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How will Ukraine keep SpaceX's Starlink internet service online?

An artist's illustration of SpaceX's Starlink internet satellites in orbit. SpaceX has sent additional Starlink support to Ukraine as Russia's invasion destroys infrastructure and disrupts internet connectivity.
An artist's illustration of SpaceX's Starlink internet satellites in orbit. SpaceX has sent additional Starlink support to Ukraine as Russia's invasion destroys infrastructure and disrupts internet connectivity. (Image credit: SpaceX)

SpaceX's Starlink internet is now active in Ukraine. But will the company be able to keep it online? 

Russia's attacks on Ukraine continue to take lives and destroy infrastructure as the country invades. This infrastructure damage has disrupted internet access in Ukraine, leading a government official to publicly request Starlink satellite internet access for the country from SpaceX CEO Elon Musk. Musk obliged, activating Starlink service in Ukraine and sending additional hardware. But with continued attacks on infrastructure, how will Ukraine stay connected? 

"@elonmusk @SpaceX @SpaceXStarlink many thx! Starlink keeps our cities connected and emergency services saving lives! With Russian attacks on our infra, we need generators to keep Starlinks & life-saving services online — ideas?" Mykhailo Fedorov, Ukraine's vice prime minister and the country's minister of digital transformation, who made the original request of Musk, asked on Twitter today (March 2).

Related: SpaceX Starlink satellite internet terminals arrive in Ukraine

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Fedorov brings up an important point: Even though Starlink operates without the need for traditional internet infrastructure, the Earth-bound hardware still needs power. And, as Russian attacks bombard the country, Ukraine's internet access will continue to be threatened. 

Fedorov's statement publicly reached out for help acquiring generators to keep Starlink online for Ukrainians. But Musk responded with an alternative suggestion.

"Solar panels + battery pack better than generator, as no heat signature or smoke & doesn't run out of fuel," Musk wrote in response on Twitter

Mykhailo Fedorov, Ukraine's vice prime minister and the country's minister of digital transformation, shared this photo on Feb. 28, 2022 of Starlink internet terminals arrived in Ukraine after Russia invaded. (Image credit: Mykhailo Fedorov/Twitter)

Fedorov's concern also points to the importance of internet access for the country under attack.

Internet connection enables what Fedorov described as "life-saving" communication, whether that be among family members displaced and separated by a missile attack or first aid teams trying to locate an injured person. Internet access is a critical component for those in Ukraine fighting to survive the invasion.

Editor's note: Fedorov replied to Musk later today, stating:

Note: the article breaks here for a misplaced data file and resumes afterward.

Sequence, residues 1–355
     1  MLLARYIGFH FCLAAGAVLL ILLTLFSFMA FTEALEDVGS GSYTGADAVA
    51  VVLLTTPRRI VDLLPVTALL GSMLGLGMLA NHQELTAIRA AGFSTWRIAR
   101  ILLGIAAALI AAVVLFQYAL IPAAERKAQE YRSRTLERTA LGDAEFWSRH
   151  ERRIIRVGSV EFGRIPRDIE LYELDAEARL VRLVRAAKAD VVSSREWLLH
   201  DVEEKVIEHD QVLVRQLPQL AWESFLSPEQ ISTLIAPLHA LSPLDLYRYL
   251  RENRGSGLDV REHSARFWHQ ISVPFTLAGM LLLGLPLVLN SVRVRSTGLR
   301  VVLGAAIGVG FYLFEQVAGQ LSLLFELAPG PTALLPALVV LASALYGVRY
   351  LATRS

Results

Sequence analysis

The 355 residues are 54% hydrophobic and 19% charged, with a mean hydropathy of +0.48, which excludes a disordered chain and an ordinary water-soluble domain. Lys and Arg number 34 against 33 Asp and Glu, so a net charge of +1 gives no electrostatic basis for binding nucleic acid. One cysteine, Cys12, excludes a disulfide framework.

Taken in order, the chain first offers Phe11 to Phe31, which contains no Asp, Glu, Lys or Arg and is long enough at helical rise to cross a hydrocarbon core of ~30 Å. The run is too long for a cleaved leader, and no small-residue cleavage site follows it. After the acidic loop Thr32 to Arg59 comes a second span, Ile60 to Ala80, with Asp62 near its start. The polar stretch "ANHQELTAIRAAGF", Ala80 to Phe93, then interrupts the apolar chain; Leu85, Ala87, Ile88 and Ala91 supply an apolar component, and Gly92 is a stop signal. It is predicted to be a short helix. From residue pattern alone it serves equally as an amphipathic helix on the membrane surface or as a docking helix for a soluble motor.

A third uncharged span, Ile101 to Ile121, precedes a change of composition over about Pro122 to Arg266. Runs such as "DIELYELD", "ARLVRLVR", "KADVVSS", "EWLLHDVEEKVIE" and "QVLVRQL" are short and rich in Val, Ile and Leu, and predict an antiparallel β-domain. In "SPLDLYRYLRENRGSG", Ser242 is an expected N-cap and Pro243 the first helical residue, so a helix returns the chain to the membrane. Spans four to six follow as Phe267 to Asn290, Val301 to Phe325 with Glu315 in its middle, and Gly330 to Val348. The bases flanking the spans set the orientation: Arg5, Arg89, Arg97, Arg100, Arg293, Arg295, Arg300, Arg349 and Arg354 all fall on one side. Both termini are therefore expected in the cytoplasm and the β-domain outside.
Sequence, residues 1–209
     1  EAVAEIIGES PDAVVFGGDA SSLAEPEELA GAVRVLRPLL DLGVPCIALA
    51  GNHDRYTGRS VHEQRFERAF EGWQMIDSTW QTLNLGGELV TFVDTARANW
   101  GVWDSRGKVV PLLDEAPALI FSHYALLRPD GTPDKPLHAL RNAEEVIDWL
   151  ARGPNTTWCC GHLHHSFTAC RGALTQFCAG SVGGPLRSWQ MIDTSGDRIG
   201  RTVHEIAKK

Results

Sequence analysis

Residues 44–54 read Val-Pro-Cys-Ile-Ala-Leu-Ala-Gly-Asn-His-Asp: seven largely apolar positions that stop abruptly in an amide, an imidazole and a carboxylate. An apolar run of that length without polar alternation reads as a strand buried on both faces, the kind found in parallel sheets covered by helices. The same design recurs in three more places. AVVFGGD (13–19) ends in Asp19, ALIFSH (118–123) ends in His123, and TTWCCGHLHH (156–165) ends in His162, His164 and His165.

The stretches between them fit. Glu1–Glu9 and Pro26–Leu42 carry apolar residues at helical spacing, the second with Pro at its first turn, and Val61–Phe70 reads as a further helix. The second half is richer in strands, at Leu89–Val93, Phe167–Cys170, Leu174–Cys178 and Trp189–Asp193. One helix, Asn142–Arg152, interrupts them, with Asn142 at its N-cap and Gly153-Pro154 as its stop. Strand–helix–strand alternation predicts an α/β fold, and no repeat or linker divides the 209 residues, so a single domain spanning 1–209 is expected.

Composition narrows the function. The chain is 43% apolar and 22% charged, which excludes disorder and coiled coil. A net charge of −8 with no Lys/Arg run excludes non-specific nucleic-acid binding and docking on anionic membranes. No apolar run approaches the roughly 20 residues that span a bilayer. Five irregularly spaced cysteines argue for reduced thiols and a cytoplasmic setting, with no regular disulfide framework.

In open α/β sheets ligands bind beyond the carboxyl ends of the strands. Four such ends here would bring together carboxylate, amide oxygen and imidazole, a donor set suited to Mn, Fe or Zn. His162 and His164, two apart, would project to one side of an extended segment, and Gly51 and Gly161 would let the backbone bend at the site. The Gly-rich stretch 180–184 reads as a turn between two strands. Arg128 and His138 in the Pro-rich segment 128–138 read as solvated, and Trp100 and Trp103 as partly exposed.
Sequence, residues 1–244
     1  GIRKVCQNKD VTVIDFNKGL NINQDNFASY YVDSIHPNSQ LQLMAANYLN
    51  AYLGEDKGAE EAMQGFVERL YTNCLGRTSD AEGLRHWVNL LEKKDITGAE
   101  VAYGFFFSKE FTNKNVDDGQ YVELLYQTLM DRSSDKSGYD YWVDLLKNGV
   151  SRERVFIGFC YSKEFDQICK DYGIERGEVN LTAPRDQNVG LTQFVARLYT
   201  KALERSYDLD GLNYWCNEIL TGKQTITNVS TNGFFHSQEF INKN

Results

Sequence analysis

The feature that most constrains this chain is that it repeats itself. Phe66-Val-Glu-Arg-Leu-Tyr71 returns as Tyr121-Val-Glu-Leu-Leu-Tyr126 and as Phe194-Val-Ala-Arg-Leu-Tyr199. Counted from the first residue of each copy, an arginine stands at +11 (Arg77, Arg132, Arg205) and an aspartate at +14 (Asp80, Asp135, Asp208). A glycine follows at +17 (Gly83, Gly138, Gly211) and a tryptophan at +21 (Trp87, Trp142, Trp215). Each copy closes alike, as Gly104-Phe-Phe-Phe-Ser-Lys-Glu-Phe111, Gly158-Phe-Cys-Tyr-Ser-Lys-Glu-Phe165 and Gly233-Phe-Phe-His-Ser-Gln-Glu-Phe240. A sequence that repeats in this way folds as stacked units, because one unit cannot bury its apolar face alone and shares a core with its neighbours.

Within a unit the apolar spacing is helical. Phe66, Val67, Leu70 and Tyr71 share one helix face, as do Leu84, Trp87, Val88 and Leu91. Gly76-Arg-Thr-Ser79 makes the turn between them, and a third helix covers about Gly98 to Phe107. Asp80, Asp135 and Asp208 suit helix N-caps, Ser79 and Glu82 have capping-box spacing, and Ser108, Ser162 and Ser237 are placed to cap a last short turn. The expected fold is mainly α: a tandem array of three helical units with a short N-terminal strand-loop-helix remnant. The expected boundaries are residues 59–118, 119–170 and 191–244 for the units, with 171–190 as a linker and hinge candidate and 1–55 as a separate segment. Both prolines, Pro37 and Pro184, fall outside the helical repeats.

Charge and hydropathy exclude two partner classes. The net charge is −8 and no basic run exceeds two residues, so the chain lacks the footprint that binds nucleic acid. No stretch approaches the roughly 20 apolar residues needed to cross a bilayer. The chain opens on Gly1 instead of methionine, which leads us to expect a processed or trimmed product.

"Good point - should work even with Ukrainian winters! We will keep you posted as we roll out more Starlinks across the country. THANK YOU again for helping us out with @SpaceXStarlink - this will save a lot of lives."

Russian criticism

Dmitry Rogozin, the director-general of Russia's space agency Roscosmos, has been publicly outspoken on Twitter about the effects of the war on outer space relations. Most recently, Rogozin announced that Roscosmos would halt UK-based internet satellite company OneWeb's launch, planned for Friday (March 4) aboard a Russian Soyuz rocket, if the company and the UK government did not meet certain demands.

Now, Rogozin is speaking out about SpaceX's provision of Starlink service to Ukraine, according to a statement translated and shared by space enthusiast Katya Pavlushchenko.

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"When Russia implements its highest national interests on the territory of Ukraine, @elonmusk appears with his Starlink which was previously declared as purely civilian," Rogozin stated, both referring to the invasion as an implementation of national interests as well as referring to the country of Ukraine as a territory.

"I warned about it, but our "muskophiles" said — he is the light of the world [of] cosmonautics. Here, look, he has chosen the side. I don't even blame him personally. This is the West that we should never trust," Rogozin added.

Email Chelsea Gohd at cgohd@space.com or follow her on Twitter @chelsea_gohd. Follow us on Twitter @Spacedotcom and on Facebook.

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Chelsea “Foxanne” Gohd joined Space.com in 2018 and is now a Senior Writer, writing about everything from climate change to planetary science and human spaceflight in both articles and on-camera in videos. With a degree in Public Health and biological sciences, Chelsea has written and worked for institutions including the American Museum of Natural History, Scientific American, Discover Magazine Blog, Astronomy Magazine and Live Science. When not writing, editing or filming something space-y, Chelsea "Foxanne" Gohd is writing music and performing as Foxanne, even launching a song to space in 2021 with Inspiration4. You can follow her on Twitter @chelsea_gohd and @foxannemusic.